How do you speak to yourself when things go wrong? Do you constantly berate and criticize yourself?
Do you think that helps? Could you instead speak to yourself as you would someone you love?
Loving yourself means accepting yourself exactly as you are. It also means bringing awareness to unhealthy or destructive habits and committing to removing and replacing them.
There is a paradox in self-love – you feel perfect just as you are, but you also understand that you have the power to improve your life and ultimately become a better version of yourself.
Self-love is a safeguard against falling in love too quickly. When you love yourself, you become mindful of your thoughts and behavior. You begin to see your negative thoughts, loneliness, and self-neglect as feelings that have a right to exist but that ultimately don’t serve you.
Because you love yourself, you treat yourself like you would treat another loved one. You’re gentle and caring but can offer tough love when necessary.
When it comes to new people and rising feelings, you can prioritize your well-being and see through the illusion that someone could make you happy.
2. Take things slowly
If you’re someone who catches feelings quickly, then you probably don’t hold back on emotional and physical intimacy with a new person. However, it’s important to cultivate patience in that regard.
It takes time to get to know someone. Despite how amazing, deep, and perfect they seem, you still don’t know much about the other person’s values and mindset when you first meet.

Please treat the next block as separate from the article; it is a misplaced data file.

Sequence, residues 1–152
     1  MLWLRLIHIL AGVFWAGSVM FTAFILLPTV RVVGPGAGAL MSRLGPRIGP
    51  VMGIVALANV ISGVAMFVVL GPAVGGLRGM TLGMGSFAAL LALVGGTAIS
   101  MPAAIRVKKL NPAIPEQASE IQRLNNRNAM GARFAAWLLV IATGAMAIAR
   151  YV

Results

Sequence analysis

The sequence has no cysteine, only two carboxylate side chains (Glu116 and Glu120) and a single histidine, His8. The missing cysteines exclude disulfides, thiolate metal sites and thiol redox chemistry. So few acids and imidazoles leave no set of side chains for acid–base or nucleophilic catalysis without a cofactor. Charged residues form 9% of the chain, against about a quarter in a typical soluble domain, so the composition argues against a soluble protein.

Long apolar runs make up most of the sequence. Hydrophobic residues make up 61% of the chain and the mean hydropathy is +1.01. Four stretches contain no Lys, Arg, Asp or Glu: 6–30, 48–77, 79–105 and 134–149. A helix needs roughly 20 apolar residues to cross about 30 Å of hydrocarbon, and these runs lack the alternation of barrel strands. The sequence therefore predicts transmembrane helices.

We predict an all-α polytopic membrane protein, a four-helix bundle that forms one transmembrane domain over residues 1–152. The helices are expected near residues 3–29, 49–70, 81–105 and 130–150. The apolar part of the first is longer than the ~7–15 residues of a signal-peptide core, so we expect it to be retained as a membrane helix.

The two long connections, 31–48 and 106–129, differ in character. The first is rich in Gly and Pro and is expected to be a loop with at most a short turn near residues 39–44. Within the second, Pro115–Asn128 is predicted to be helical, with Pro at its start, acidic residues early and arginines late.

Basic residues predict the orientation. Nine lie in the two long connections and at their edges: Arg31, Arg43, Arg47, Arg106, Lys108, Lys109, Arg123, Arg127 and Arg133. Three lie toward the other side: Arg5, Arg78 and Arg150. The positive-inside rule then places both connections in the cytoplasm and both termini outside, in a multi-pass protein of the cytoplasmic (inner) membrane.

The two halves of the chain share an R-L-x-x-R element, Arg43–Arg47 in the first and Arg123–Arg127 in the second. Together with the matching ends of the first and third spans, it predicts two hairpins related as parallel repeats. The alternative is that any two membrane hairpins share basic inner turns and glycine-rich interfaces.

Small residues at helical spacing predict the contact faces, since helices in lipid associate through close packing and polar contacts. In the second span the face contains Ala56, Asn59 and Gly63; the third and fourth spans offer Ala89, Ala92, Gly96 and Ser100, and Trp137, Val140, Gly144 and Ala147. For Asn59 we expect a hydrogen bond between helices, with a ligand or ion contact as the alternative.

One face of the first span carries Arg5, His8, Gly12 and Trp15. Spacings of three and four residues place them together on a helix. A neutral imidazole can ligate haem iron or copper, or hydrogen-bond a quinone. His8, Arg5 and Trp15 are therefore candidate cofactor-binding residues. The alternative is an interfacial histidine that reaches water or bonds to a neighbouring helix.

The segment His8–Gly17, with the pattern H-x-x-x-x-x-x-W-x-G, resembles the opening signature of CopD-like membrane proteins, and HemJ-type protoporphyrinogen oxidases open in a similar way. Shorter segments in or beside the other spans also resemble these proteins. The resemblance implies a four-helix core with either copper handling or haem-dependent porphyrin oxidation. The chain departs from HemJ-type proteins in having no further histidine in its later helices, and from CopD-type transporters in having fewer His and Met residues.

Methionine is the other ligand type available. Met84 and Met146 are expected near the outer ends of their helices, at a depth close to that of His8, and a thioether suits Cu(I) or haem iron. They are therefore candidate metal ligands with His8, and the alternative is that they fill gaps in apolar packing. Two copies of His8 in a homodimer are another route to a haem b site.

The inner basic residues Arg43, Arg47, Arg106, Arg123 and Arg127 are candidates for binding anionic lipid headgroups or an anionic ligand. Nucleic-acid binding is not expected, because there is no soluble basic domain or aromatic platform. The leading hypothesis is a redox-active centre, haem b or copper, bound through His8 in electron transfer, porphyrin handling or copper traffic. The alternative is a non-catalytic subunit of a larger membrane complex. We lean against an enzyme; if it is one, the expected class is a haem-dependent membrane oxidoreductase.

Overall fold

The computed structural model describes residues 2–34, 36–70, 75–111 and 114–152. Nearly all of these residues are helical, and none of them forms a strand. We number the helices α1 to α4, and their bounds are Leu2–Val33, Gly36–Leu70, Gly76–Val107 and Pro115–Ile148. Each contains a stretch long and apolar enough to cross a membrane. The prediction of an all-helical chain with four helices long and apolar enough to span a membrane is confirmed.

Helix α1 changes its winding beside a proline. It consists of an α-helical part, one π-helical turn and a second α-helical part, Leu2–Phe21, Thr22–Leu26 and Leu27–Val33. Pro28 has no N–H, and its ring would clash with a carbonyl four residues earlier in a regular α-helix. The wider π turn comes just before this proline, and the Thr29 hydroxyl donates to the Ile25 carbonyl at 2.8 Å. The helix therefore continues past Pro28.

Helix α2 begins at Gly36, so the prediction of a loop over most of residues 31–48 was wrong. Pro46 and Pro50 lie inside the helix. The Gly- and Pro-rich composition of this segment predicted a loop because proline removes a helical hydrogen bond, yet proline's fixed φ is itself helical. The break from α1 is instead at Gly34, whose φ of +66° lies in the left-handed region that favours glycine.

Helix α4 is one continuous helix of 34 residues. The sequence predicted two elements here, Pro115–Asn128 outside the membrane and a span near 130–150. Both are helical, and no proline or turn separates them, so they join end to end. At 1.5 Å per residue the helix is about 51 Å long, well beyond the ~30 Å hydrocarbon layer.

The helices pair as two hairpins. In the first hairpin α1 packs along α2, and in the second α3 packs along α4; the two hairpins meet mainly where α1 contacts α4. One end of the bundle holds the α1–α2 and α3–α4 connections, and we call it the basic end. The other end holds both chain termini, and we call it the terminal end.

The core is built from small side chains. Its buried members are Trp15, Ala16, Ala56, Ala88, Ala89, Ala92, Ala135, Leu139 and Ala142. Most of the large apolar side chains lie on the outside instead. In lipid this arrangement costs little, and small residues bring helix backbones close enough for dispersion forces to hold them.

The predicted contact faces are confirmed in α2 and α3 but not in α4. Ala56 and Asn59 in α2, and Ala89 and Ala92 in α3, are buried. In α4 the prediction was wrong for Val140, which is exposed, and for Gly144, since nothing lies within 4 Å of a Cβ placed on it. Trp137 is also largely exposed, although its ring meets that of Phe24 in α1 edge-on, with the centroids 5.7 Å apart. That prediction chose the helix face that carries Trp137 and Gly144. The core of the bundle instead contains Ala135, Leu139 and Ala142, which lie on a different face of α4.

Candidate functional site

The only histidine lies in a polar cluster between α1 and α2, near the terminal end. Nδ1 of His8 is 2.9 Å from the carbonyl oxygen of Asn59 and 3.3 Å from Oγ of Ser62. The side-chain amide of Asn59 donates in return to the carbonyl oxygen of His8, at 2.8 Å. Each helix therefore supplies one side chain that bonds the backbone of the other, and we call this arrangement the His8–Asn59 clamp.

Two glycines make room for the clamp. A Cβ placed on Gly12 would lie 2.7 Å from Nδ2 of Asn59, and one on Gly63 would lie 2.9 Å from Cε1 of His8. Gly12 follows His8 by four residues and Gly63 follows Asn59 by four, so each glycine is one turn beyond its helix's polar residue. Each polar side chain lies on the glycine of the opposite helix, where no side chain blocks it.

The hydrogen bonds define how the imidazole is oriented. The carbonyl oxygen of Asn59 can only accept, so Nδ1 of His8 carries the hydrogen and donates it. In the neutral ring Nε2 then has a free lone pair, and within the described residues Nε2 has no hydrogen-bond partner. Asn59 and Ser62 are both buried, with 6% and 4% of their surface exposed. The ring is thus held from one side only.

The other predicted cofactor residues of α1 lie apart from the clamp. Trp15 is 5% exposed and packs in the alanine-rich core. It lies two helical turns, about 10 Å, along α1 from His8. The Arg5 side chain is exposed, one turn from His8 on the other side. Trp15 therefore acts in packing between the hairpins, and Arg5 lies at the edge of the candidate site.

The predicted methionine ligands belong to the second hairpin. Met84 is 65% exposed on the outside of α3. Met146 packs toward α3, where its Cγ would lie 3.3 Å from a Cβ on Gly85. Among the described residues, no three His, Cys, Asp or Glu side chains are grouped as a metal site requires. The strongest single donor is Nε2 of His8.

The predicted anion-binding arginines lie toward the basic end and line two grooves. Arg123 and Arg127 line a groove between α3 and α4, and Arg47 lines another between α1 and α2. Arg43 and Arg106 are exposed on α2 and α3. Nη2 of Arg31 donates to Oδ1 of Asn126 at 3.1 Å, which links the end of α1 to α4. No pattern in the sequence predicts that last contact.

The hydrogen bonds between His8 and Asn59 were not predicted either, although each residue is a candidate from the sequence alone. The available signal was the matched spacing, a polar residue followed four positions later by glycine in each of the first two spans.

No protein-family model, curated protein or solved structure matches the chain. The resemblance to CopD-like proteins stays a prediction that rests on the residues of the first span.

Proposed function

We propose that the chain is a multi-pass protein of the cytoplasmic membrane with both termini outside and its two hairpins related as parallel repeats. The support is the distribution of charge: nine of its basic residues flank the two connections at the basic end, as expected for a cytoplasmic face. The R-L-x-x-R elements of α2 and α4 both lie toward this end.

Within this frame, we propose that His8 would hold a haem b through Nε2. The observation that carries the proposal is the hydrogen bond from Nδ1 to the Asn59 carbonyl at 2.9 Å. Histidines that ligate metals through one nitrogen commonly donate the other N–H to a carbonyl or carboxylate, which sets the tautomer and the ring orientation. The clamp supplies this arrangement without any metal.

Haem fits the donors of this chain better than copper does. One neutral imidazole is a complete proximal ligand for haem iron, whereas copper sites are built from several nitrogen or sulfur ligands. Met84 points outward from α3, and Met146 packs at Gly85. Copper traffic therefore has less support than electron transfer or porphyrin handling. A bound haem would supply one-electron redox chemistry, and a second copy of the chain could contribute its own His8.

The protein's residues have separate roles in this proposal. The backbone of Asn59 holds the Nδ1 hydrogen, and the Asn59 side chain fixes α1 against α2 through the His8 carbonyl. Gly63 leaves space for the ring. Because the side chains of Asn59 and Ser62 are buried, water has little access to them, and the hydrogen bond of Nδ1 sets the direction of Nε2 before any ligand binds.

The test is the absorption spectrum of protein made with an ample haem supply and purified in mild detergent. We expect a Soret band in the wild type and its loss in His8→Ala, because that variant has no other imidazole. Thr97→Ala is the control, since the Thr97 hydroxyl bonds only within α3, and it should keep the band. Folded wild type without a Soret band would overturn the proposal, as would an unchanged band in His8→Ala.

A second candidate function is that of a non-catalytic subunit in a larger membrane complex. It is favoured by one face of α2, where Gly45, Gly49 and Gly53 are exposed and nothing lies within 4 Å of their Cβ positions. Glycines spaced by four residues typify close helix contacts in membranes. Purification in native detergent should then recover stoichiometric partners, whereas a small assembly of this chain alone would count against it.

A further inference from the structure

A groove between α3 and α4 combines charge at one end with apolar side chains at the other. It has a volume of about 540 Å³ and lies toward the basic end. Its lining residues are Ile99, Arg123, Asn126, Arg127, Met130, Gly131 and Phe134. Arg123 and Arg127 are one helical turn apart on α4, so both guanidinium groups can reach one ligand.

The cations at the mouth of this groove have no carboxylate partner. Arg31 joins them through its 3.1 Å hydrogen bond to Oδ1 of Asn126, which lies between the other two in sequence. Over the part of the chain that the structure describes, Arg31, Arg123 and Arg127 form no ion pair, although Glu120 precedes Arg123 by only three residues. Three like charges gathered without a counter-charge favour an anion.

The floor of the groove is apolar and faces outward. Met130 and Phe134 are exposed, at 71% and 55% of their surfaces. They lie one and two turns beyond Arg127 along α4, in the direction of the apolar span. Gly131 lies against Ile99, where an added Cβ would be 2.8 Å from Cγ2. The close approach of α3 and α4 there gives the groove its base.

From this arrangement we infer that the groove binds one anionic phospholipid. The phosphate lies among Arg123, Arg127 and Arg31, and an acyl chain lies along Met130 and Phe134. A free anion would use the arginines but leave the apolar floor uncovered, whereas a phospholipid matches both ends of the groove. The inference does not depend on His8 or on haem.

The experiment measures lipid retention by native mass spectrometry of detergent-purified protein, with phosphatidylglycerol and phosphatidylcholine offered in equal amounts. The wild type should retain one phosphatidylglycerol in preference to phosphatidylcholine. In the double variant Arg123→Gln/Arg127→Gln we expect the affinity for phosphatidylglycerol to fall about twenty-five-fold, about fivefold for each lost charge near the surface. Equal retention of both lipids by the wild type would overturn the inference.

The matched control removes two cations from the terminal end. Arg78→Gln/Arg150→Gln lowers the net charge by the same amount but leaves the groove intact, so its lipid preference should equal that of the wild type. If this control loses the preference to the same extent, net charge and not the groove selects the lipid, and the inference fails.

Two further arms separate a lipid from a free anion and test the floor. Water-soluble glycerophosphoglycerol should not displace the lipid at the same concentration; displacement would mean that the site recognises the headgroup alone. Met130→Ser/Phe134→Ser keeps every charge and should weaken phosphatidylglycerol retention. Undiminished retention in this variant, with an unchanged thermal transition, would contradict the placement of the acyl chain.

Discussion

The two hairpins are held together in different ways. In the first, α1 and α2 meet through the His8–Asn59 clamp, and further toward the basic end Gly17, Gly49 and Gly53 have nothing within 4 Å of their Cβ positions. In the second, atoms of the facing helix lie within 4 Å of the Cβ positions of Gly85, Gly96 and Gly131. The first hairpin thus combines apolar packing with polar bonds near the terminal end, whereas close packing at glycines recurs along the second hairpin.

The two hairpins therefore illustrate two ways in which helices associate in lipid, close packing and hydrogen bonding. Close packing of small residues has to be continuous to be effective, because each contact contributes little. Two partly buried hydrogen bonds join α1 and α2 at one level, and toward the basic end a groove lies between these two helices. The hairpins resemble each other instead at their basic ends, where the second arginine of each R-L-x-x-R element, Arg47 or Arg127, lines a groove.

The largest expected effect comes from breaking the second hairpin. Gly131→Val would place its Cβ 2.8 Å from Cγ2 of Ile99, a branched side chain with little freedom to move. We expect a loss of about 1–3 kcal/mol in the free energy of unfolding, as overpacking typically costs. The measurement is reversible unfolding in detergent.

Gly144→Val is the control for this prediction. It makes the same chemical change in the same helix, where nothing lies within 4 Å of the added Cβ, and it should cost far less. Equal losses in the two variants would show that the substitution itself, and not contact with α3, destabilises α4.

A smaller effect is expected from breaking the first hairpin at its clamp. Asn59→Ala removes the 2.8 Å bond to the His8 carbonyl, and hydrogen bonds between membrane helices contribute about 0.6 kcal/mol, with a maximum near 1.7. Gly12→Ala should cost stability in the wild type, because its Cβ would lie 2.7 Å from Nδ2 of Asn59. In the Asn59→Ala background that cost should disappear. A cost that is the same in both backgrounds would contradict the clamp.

So, even though you may not want to hear this, take things slow.
Understand that there are many potential partners and lovers out there for you. There is no scarcity, so you don’t need to enter a relationship or have deep feelings with someone you’ve just met.
Observe the feelings when they come up, but understand that you are bigger than those feelings. You are not the feelings but their witness, and there’s no need to take immediate action.
Feelings come and go, and when you practice patience and mindfulness, you may notice that your feelings are not the same as last week.
3. Shift your perspective
What is love anyway? And what are those feelings you so deeply feel?
Bring mindful awareness to your emotions and perspective regarding love to improve your habits around relationships and intimacy.
Many of us fear being single and alone. Media, such as Hollywood movies, love songs, and all types of social media, often portray an image of love that implies life is worse without it.
Of course, love is one of the most important aspects of being alive, but you don’t have to confine your sense of love to a romantic relationship.
Love is available in many forms, such as a good friendship, a healthy self-relationship, a sense of community, and those quiet moments you spend petting your cat.